Is the California Bar Exam About to Get Easier?

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The California Supreme Court has decided that it’s time to change the state’s notoriously difficult bar exam after observing very low passage rates for the past few years compared to other states.

The state’s passing score, referred to as the “cut score,” has been set at 144. California has the second highest score to pass nationwide behind only Delaware. Last year 62 percent of applicants passed. Other states, like New York, saw a rate around 80 percent, according to the New York Times.

The changes, which will take effect in January, will give the California Supreme Court the ability to change the “cut score,” according to the ABA Journal. The court will have the authority to appoint 10 of the 19 members of the committee of bar examiners. The court amended the California Rules of Court to expand its power, dictating that it “must set the passing score of the examination.” The Supreme Court justices could make the decision soon and retroactively apply them to last month’s exams, according to the New York Times.

Some businesses that prepare law students for the bar exam called the move “unprecedented.” But according to Erica Moeser, president of the National Conference of Bar Examiners, this action isn’t out of the ordinary. Instead, it will bring California in line with other states. “Virtually all state supreme courts exercise their inherent authority to regulate the admission of lawyers more closely than has appeared to be the case in California,” she said.

In February the state bar received a letter from 20 California law school deans advocating a scoring change, which prompted the group to launch the study.

The court was further compelled to act after the University of California Hastings College of the Law Dean complained to the California Committee of Bar Examiners. Dean David Faigman called the steep standard “outrageous and constitutes unconscionable conduct on the part of a trade association that masquerades as a state agency” after only 51 percent of his school’s graduates qualified.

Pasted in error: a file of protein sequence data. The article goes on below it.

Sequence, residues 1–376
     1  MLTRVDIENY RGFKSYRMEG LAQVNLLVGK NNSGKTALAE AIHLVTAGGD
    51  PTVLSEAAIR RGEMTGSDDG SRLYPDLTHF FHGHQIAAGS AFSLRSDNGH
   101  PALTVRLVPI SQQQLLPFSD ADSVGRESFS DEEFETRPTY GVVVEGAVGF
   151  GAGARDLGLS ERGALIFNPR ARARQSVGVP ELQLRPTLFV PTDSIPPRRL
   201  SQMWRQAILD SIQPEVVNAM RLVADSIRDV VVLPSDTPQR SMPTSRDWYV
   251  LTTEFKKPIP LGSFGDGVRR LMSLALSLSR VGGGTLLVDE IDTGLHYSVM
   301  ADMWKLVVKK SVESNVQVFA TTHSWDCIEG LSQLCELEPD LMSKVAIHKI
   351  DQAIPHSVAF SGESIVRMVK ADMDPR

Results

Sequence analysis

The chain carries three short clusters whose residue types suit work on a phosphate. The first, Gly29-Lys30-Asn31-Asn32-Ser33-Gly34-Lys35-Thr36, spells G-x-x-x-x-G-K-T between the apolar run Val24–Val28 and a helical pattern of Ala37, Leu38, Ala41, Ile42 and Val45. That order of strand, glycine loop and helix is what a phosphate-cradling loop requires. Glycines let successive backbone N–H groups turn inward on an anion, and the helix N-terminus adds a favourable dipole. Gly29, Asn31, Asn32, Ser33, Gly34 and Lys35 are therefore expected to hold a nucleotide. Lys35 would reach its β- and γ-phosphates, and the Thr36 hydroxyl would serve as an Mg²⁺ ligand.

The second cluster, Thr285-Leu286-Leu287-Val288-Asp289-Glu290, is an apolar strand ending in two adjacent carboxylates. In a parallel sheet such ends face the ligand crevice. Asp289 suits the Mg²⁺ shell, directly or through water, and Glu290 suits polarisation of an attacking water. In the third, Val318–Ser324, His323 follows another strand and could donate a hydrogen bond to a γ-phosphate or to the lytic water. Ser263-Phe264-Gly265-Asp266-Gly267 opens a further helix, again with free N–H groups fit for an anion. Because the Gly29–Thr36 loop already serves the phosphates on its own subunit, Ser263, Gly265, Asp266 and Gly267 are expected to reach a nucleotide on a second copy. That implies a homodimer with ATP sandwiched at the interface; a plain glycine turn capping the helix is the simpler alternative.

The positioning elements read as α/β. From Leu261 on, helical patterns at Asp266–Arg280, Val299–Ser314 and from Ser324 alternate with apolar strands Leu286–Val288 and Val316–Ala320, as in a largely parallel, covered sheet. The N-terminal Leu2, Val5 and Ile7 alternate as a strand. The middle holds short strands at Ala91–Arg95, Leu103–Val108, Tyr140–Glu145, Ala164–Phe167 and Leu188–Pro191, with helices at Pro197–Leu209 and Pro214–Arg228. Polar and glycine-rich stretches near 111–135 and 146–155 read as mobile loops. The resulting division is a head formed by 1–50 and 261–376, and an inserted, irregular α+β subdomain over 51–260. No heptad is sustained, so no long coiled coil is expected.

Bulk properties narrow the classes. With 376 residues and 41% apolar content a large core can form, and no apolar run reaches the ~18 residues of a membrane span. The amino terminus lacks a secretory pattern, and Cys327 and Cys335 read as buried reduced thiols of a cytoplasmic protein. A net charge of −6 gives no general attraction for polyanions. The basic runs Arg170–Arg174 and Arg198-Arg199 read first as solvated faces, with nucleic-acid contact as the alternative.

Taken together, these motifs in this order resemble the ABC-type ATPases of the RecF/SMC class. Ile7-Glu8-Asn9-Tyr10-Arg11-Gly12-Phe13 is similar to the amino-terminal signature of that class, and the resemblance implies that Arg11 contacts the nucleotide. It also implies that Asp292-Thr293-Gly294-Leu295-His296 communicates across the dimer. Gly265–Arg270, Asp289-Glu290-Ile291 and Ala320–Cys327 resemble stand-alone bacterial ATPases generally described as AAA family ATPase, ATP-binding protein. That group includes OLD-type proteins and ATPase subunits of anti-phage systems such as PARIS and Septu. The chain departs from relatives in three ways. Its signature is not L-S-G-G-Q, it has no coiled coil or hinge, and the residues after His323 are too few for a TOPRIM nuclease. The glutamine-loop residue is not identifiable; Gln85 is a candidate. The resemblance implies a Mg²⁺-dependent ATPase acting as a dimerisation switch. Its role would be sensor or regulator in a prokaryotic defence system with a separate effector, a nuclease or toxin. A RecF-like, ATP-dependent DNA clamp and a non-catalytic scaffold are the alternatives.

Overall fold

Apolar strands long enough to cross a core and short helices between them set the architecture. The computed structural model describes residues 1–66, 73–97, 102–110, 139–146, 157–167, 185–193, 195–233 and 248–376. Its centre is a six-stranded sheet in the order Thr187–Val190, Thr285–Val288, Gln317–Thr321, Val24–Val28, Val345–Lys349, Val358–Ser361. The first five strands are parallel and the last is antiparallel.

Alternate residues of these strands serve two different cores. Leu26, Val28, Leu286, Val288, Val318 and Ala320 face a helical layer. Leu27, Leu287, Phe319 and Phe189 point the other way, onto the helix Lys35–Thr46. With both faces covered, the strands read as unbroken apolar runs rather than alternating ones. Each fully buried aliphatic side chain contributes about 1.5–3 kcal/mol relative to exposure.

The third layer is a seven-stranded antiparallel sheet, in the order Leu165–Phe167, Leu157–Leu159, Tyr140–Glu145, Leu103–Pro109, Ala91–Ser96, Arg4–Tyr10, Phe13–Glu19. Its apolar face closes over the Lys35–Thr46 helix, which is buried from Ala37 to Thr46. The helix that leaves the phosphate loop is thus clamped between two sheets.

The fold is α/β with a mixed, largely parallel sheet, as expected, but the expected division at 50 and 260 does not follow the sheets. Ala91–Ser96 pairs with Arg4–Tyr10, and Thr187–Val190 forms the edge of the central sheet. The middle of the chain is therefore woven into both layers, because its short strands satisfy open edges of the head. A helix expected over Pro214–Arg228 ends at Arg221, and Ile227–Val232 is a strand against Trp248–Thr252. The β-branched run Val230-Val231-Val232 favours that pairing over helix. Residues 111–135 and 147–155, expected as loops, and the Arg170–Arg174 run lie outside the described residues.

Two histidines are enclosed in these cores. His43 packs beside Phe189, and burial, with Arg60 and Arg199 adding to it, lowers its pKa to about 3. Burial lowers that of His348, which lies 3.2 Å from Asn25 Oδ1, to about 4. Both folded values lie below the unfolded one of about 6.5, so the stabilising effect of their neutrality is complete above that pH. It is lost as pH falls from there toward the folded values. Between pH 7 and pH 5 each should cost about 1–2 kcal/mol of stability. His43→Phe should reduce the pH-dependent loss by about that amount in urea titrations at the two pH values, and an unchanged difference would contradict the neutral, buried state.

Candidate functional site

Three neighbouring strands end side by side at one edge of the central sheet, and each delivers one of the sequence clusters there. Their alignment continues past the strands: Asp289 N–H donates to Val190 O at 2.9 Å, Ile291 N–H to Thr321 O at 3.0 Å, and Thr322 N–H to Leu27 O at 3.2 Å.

Robert Anderson, a professor of corporate law at Pepperdine School of Law, who studied the 10 most difficult state bar exams in 2013, concluded that California had the most difficult exam even if its score standard was lower than Delaware’s, according to the New York Times. Anderson recommended lowering the score to 133, the same as New York. That change would mean that 87 percent of test-takers would pass, according to ABA Journal.

There are still people who advocate for the high standard when certifying lawyers. Supporters believe that the high cut score protects citizens from unprepared lawyers and continues a tradition of accepting only very qualified candidates.

California is home to plenty of prestigious law schools–ranging from Stanford in the northern part of the state to UCLA in the southern part–so it trains many law students. If California feels as though young law students are fleeing the state to get easily certified elsewhere, a change makes sense. The strict standards have been part of the California Bar Association’s reputation for a while now but for a state that is home to economic hubs for entertainment and technology, it’s important to retain talent.

Josh Schmidt
Josh Schmidt is an editorial intern and is a native of the Washington D.C Metropolitan area. He is working towards a degree in multi-platform journalism with a minor in history at nearby University of Maryland. Contact Josh at



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